The kettlebell swing is primarily used for its cardio effect which is great for weight loss, hence, it’s such a popular kettlebell exercise—but popular does not mean it’s only good for that. The kettlebell swing can be performed in many ways, but the two most popular variations are the conventional (also known as the Russian swing) and the American swing.
This article covers what muscles are used and when during the kettlebell swing. There is also information on:
- how to kettlebell swing
- how to avoid backaches and injuries with the kettlebell swing
- how to warm up for the kettlebell swing
- a drill used to teach part of the kettlebell swing
What Muscles Are Worked With the Kettlebell Swing?
The kettlebell swing is a full-body exercise that uses muscles for grip, posture, stabilization, keeping the spine erect, and the actual movement (prime movers). This article covers the two-handed swing. The single-handed swing would involve a lot more action around the mid-section.
The areas worked are:
Got questions? Use this post on Facebook or just join the 17,000+ strong group.
- Flexor digitorum superficialis (1)
- Flexor digitorum profundus (2)
- Flexor digiti minimi brevis (3)
- Lumbricals (4)
Download the free Master Kettlebell Grips to learn a lot more about the 25+ grips you can employ on the kettlebell and most importantly ‘why’!
- Rhomboideus minor (5)
- Rhomboideus major (6)
- Lower trapezius (7)
- Levator scapulae (8)
- Latissimus dorsi (9)
- Anterior deltoids (17)
- Pectoralis major (18)
- Serratus anterior (19)
- Coracobrachialis (20)
- Biceps brachii (21)
Flexion and stabilization
- Biceps femoris (22)
- Semitendinosus (15)
- Semimembranosus (16)
- Gracilis (23)
- Sartorius (24)
- Gastrocnemius (25)
- Soleus (26)
- Popliteus (27)
Truth be told, there are plenty more muscles used during the kettlebell swing but I’ve tried to stick to the most common and known ones, I also categorized them a bit differently than normal.
The muscles used for grip are usually not mentioned or thought off, however, your swing is only as good as your grip. In fact, most of your training is only as good as your grip, if you have a weak grip then you won’t be lifting heavy. If your grip has no endurance then you won’t be completing high reps unbroken.
I’m referring to the top part of your body at the top of the swing where your shoulders are nice and safely pulled down. Your chest it out, shoulders blades slightly down and pulled together.
Throughout the swing, your erector spinae muscles need to work to keep your spine erect, and there is actually a lot more going on inside as well to protect the spine and brace the abs.
These are the muscles that create the movement which is the hip and knee extension only when we’re talking about the conventional kettlebell swing.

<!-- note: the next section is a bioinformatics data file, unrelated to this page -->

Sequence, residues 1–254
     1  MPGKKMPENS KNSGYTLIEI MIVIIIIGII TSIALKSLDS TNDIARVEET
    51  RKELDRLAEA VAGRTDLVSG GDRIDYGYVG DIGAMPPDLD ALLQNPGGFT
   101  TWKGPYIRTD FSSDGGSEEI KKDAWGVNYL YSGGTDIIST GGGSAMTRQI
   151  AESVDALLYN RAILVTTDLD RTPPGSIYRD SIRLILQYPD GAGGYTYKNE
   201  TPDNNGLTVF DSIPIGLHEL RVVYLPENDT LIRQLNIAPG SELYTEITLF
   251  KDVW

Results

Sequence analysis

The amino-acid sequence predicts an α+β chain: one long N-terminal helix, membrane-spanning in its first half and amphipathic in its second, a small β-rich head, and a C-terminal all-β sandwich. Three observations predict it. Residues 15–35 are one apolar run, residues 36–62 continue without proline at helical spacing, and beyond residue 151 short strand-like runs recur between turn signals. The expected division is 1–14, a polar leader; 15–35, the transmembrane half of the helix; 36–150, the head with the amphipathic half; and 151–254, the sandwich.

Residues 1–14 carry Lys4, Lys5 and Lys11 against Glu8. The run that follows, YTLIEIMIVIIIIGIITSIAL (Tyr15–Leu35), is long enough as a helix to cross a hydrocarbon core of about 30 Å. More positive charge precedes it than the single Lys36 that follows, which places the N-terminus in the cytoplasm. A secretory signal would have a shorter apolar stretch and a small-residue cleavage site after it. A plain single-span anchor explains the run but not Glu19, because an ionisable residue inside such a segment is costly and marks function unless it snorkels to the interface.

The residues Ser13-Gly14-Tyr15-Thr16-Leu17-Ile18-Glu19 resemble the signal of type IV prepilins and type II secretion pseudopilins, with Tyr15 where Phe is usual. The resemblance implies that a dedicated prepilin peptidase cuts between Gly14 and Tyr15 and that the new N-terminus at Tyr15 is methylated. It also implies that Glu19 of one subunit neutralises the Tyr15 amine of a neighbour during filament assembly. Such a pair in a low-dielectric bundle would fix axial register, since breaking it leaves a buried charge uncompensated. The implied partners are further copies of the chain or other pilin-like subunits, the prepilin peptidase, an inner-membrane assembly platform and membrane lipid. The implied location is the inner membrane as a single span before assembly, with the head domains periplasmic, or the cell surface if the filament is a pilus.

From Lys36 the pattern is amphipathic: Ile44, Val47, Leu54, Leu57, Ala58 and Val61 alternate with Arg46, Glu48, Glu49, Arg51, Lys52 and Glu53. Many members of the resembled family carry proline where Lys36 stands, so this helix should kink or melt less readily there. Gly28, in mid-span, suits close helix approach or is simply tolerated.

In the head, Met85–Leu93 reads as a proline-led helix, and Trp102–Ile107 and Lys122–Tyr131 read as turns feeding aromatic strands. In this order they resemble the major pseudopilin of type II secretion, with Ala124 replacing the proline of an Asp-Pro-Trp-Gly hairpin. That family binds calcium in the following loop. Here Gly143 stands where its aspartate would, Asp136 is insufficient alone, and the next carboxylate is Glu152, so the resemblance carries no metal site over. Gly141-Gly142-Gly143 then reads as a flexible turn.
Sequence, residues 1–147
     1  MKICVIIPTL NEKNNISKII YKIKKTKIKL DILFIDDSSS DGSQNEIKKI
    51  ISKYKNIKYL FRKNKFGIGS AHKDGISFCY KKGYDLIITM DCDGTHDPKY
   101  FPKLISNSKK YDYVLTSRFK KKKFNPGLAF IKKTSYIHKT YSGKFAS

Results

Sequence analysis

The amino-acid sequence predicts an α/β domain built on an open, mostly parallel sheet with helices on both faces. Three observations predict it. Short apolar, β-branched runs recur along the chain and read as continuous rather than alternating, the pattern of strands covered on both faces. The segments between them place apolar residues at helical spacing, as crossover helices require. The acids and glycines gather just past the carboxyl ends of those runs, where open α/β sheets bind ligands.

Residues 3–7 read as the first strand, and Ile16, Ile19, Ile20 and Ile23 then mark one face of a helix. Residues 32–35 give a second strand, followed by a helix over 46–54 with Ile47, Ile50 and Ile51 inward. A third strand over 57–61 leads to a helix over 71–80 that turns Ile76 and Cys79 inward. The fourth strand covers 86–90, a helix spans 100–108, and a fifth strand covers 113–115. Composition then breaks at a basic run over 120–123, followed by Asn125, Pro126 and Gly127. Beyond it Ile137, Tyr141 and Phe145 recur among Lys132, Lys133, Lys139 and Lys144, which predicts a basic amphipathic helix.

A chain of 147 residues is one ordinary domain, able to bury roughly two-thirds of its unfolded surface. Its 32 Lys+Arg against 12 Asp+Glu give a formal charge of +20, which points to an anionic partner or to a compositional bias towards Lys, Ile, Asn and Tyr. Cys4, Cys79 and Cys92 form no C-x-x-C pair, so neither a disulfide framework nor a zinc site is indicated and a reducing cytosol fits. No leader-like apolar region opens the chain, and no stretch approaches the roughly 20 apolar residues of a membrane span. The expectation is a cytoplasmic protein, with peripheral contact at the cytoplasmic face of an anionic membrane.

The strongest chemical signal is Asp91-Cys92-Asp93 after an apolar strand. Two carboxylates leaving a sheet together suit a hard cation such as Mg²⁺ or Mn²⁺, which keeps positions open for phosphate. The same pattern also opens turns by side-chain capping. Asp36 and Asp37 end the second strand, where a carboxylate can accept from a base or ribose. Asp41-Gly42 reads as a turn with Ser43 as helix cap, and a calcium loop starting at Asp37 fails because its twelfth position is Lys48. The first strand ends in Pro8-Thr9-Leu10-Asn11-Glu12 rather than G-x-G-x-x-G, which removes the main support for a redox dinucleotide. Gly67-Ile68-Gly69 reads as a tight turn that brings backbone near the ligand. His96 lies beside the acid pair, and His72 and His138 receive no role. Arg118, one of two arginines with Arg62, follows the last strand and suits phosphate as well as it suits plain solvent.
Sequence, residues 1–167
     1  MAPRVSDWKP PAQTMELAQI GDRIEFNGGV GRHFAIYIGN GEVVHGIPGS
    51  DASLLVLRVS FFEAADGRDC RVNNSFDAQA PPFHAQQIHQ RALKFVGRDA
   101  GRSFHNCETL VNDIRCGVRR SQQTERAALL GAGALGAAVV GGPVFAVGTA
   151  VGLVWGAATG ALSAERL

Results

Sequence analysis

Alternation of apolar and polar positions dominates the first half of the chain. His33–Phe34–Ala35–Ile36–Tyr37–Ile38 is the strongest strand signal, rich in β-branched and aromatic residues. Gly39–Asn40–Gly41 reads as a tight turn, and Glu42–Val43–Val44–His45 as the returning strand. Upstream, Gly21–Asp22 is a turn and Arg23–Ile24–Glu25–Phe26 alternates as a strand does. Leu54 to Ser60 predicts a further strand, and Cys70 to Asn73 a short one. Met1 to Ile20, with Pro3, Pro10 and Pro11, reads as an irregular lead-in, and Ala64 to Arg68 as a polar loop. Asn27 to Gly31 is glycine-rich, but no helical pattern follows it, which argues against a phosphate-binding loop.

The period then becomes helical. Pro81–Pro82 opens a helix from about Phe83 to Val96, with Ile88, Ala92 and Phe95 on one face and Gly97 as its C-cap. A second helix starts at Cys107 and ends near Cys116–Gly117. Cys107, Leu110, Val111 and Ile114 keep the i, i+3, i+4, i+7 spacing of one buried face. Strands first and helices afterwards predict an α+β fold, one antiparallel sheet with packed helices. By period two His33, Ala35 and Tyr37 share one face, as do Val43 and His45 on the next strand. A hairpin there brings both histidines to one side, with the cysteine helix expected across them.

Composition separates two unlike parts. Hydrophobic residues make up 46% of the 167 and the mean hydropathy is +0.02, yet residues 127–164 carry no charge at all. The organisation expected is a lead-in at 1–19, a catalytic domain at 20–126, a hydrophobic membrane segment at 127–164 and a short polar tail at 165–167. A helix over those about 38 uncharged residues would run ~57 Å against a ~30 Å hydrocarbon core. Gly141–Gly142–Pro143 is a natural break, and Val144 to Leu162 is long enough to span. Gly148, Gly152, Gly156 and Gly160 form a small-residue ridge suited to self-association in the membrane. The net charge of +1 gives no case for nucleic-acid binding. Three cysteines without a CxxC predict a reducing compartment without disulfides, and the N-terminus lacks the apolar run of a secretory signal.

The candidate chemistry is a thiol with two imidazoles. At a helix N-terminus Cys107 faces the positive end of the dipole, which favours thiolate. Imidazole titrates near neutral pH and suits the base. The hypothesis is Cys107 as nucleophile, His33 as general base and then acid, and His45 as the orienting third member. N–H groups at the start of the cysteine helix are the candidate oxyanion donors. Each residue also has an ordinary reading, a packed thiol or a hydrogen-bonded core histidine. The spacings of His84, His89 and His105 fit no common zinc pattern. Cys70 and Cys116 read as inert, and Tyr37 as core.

These are the muscles responsible for getting the kettlebell overhead with the American kettlebell swing.
Flexion and stabilization
The flexion I refer to is knee flexion and the stabilization I refer to is that of keeping the knee in place above the ankle. Keeping the knee above the ankle is important when hip hinging, if the knee comes excessively forward, then the movement starts to turn into a squat. A kettlebell squat swing is not bad, it’s only bad if you need to perform a hip hinge and perform a squat, or perform the squat swing incorrectly, otherwise, the squat swing is an excellent exercise. See a side-by-side comparison of the hip hinge versus squat swing.
How to Kettlebell Swing
Prevent Back Pain With the Kettlebell Swing
Not a great quality video at all, but the content is. I explain how to prevent the common backaches from the kettlebell swing, whether using the conventional/Russian or American swing.
Kettlebell Swing Muscle Activation
The following is an article I wrote a while ago and explains exactly step-by-step when the muscles do their work during the kettlebell swing. The following video is an example of a muscle priming routine I use before starting the kettlebell swing.
Teaching the Kettlebell Swing
The following is a drill I use for teaching the deep hip hinge insert which is what happens during the backswing and is also used to prevent bobbing of the kettlebell.
If you want to be efficient with the American swing, stay safe, and be able to perform high reps then there is no doubt in my mind that you should lay the foundation with the conventional kettlebell swing and then continue that knowledge through the kettlebell snatch.
Other kettlebell swing resources:
- What height should I swing a kettlebell?
- What kettlebell weight to choose?
- Kettlebell fundamentals
- Become kettlebell certified
- Free Master Kettlebell Grips PDF